The coming debate over the 2007 budget may be the most difficult fiscal discussion President Bush has yet faced.
Mr. Bush's proposed $2.77 trillion spending plan, released Monday, contains some controversial provisions - notably, a $35.9 billion reduction in Medicare spending over five years.
But it's an election year, and GOP leaders are worried about maintaining control of Congress. Rank-and-file Republicans may have little enthusiasm for tough budget cuts, while Democrats will almost certainly oppose them.
The bottom line: The final 2007 budget may look much different from Bush's just-released blueprint.
"In an election year, when the president's popularity is waning, I can't see Republicans walking the plank for him," says Stan Collender, director of Financial Dynamics and a federal budget expert.
President Bush's 2007 proposed budget would spend about $2.7 trillion. By comparison, when Ronald Reagan assumed office in 1980, federal outlays were about $1.2 trillion, after inflation is taken into account.
The Department of Defense would get a 6.9 percent increase, under the Bush plan. This would pay for a big boost in the Army's budget, from $99 billion to $112 billion, and a 15 percent increase in the size of US special forces, among other things.
The Department of Homeland Security would get a 9.8 percent increase, under the plan. This would triple Federal Emergency Management Agency grants to help state and local authorities deal with damage from natural disasters, and add 1,500 new agents to patrol US borders.
International programs would also be big winners, if the president gets his way. Bush wants $4 billion to combat global AIDS in fiscal 2007, for instance, up from $3.4 billion in 2006.
Given the current state of the world, these increases are likely to prove uncontroversial, noted budget experts.
But many other aspects of US government would be squeezed to help make room for security funding increases.
Overall, the administration would cut $14.5 billion in discretionary spending, eliminating or scaling back 141 government programs.
Last year, a similar effort won about two-fifths of the program eliminations requested, resulting in savings of about $6.5 billion.
In the area of nondiscretionary spending, or programs for which eligibility is set by law, Bush is seeking a trim in the growth of spending on Medicare, the government's giant healthcare program. Medicare payments to hospitals would be one of the main targets of this effort.
In other mandatory spending trims, Bush is seeking a $5 billion reduction in farm commodity programs, and $16.7 billion in reforms of the Pension Benefit Guaranty Corp.
On taxes, the fiscal package released Monday would reduce government revenues by about $1.7 trillion over the next 10 years. Of this, $1.4 trillion would come from making permanent tax cuts passed earlier in Bush's presidency.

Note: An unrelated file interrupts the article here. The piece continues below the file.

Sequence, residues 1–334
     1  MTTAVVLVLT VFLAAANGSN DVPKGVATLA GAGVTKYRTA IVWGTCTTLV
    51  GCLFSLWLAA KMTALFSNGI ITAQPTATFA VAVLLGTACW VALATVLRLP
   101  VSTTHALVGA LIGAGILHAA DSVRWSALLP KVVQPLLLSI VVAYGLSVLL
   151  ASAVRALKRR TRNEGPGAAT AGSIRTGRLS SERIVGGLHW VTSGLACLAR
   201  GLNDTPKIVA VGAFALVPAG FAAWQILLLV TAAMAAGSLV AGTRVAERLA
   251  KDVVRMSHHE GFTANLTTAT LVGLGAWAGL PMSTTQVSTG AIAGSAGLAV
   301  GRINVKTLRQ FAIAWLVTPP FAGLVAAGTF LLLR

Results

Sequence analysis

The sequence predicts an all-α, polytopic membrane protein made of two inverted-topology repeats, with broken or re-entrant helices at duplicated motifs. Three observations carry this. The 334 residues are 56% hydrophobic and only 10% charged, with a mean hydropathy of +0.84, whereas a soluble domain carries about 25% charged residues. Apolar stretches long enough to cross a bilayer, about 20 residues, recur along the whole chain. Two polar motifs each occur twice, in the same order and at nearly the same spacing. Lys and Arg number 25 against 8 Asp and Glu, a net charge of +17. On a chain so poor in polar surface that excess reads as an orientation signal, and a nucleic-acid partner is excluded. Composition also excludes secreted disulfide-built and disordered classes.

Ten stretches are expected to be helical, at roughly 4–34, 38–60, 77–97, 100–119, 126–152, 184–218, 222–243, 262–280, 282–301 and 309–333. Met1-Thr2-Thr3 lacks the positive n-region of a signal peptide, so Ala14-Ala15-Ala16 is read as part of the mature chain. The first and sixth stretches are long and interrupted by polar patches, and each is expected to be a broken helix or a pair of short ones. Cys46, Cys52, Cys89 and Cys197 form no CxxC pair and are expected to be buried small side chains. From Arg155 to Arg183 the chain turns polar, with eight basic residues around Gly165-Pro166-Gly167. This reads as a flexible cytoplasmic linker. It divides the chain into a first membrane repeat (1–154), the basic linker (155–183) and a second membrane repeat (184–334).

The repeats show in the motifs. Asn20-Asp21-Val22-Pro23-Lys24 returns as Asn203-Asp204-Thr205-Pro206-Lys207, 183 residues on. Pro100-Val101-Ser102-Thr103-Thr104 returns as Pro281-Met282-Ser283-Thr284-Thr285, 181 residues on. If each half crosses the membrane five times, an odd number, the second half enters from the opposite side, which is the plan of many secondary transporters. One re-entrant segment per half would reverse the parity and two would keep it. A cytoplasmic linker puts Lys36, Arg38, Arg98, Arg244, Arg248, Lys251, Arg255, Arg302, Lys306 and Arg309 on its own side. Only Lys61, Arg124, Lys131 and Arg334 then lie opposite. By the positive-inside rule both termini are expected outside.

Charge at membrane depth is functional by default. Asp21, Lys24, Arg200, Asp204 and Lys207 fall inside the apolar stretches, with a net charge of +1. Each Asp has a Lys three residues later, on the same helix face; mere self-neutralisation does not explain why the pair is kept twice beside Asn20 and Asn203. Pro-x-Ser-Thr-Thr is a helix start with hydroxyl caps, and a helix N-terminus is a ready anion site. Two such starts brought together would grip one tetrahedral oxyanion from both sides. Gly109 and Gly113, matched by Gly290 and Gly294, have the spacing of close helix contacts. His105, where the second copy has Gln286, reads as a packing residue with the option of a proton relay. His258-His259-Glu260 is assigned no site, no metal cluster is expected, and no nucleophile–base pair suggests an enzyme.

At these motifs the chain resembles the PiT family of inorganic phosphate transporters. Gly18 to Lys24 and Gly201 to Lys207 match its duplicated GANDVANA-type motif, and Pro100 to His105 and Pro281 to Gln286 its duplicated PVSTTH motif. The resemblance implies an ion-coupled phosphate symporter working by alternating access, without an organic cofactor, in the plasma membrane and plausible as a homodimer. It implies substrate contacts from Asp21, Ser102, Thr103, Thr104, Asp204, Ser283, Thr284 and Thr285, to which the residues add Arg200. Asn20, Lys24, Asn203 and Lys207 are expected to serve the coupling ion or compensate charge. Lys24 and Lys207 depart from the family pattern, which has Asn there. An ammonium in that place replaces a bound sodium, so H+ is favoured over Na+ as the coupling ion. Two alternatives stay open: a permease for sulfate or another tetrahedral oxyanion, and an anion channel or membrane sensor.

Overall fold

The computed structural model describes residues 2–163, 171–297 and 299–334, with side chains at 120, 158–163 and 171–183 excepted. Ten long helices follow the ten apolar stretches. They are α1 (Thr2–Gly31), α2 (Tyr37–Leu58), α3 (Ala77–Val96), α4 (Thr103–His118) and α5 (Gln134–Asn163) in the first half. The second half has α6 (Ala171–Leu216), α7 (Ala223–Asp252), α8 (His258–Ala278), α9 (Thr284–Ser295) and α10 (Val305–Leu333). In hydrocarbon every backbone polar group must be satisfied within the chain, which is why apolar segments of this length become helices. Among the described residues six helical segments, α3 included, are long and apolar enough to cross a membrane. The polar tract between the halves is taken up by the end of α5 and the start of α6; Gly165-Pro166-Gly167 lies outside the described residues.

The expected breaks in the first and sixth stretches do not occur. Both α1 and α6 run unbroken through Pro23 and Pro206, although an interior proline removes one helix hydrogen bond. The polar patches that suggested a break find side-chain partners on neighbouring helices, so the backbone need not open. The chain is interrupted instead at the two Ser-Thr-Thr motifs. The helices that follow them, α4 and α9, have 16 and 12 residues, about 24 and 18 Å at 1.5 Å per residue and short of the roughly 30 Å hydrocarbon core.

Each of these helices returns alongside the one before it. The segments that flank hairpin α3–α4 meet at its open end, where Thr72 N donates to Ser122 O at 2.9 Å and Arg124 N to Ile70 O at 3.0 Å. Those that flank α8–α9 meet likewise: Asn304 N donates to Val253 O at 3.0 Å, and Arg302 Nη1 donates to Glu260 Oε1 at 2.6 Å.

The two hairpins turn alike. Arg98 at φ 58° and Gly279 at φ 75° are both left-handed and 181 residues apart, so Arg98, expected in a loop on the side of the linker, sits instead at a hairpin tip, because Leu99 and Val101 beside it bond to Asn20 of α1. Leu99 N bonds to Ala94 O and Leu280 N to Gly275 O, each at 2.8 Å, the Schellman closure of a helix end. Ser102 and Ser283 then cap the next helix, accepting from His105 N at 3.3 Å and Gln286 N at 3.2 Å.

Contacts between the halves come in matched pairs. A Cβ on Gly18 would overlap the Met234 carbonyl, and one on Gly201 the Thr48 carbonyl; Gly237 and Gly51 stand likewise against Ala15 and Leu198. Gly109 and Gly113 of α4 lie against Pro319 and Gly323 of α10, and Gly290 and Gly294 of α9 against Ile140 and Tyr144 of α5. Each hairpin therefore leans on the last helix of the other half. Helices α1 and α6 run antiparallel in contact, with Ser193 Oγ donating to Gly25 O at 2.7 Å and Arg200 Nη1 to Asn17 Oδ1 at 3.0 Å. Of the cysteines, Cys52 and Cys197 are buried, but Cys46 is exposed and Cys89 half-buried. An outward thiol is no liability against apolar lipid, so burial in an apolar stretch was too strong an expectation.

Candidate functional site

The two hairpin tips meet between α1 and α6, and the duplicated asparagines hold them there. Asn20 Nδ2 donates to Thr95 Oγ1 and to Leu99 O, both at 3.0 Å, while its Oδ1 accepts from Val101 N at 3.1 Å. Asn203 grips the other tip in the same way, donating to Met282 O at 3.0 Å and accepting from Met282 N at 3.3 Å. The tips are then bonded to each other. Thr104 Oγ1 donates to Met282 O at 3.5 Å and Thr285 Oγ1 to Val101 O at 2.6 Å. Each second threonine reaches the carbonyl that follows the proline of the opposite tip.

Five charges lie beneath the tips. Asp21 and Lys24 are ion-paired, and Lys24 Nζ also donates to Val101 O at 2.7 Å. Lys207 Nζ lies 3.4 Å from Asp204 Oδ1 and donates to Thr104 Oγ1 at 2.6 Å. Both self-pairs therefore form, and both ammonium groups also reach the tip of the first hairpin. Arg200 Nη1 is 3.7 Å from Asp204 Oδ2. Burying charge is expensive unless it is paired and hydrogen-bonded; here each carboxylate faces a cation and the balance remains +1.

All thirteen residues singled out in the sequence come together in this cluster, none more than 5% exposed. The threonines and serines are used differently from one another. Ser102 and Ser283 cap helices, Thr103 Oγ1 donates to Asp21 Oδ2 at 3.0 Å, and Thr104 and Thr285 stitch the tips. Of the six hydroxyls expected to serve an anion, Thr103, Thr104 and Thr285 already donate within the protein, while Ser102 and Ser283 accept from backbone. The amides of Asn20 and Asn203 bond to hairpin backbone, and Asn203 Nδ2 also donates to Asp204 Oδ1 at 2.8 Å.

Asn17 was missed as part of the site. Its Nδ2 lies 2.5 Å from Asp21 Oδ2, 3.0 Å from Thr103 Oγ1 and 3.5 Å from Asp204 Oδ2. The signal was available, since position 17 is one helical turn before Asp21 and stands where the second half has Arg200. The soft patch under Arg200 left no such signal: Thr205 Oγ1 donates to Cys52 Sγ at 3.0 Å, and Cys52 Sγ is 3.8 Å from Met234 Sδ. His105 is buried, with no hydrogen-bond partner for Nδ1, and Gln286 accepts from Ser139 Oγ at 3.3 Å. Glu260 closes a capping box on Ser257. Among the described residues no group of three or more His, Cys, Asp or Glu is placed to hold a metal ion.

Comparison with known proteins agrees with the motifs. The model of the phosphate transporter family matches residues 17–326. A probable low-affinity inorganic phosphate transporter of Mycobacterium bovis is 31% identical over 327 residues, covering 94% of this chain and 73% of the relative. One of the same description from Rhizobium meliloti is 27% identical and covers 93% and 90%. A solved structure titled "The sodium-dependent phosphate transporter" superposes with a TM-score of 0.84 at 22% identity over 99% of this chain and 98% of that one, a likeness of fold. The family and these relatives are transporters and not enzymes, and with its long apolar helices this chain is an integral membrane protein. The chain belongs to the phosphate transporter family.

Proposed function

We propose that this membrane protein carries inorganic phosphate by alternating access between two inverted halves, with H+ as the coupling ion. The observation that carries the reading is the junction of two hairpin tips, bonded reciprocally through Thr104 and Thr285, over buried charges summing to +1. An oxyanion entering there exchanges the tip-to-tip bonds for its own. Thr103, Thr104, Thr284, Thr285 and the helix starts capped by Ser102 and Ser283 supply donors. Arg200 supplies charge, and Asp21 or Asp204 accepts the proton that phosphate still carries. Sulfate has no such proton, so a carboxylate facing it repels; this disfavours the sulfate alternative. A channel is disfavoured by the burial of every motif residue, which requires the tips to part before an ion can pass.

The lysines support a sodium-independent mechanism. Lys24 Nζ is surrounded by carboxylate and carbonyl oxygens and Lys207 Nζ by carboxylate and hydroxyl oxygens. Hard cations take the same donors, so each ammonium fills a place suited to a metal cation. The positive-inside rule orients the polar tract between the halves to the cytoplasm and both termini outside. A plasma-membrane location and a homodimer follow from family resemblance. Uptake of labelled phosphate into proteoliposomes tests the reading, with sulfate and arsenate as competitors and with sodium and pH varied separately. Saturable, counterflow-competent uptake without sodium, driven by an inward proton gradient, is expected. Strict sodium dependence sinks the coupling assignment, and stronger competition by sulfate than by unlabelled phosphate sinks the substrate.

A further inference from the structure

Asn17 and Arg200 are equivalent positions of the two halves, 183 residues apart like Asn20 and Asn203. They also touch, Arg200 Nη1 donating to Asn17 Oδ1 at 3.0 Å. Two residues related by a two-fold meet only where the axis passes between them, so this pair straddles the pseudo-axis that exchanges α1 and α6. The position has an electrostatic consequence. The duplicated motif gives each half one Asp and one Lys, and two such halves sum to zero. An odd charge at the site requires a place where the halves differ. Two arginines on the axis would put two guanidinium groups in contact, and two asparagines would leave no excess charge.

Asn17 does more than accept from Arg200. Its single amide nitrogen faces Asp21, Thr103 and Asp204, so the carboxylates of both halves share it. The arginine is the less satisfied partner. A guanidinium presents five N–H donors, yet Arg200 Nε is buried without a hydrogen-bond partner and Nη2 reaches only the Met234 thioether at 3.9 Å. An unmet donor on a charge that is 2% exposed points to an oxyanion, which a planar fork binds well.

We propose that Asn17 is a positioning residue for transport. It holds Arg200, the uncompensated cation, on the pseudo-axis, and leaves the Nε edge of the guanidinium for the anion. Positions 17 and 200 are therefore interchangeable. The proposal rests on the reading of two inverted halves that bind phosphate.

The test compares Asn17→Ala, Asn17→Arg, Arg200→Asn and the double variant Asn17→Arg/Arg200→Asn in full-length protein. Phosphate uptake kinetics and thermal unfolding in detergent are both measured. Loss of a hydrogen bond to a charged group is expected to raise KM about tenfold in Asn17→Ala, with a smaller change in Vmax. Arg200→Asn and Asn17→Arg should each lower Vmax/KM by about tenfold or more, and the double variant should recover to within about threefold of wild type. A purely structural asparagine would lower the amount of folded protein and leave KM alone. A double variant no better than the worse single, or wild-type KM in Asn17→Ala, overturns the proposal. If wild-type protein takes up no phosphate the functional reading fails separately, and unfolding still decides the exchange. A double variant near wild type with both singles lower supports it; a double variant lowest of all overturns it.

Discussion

These changes, combined with predicted supplemental spending for the war in Iraq and hurricane relief, would set the deficit soaring to an all time high of $423 billion in 2007, under Bush's blueprint.
But overall the budget plan shows a declining deficit over the next five years, allowing Bush to keep his pledge of reducing red ink by half by 2009.
Following many past chief executives, Bush requests Congress to give him a line-item veto to aid in deficit reduction efforts.
Such a veto would allow the White House to eliminate only portions of appropriations bills that it does not like. Today, the president has to veto the entire legislation to block Congressional spending.
"All savings from the line-item veto would be used for deficit reduction," promises a White House fact sheet.
The fiscal 2007 budget year is a particularly significant one for a number of reasons, according to the Concord Coalition, a group which supports fiscal restraint.
It's the first year that the five-year window of budget planning must account for baby boomers turning 65 and qualifying for Social Security and Medicare. It is the first year that the budget must total the cost of extending Bush's tax breaks past 2010. And, as previously noted, it's an election year - and a competitive election year, at that.
"These factors make it all the more important to scrutinize the budget for fiscal sense," says a Concord Coalition analysis.
A promise to cut the deficit in half is a poor substitute for a promise to eliminate it entirely, according to this fiscal watchdog group. And it notes that previous Bush budgets have assumed significant savings that have not come to pass.
When it comes to the deficit, "optimistic projections are hard to turn into reality," notes the Concord Coalition.
The proposed Medicare cuts in particular may face a bleak future, note other experts. And the election season will cut into the time allowed for fiscal debate.
"I predict a lot will get done in a lame-duck session after the election," says Mr. Collender of Fiscal Dynamics.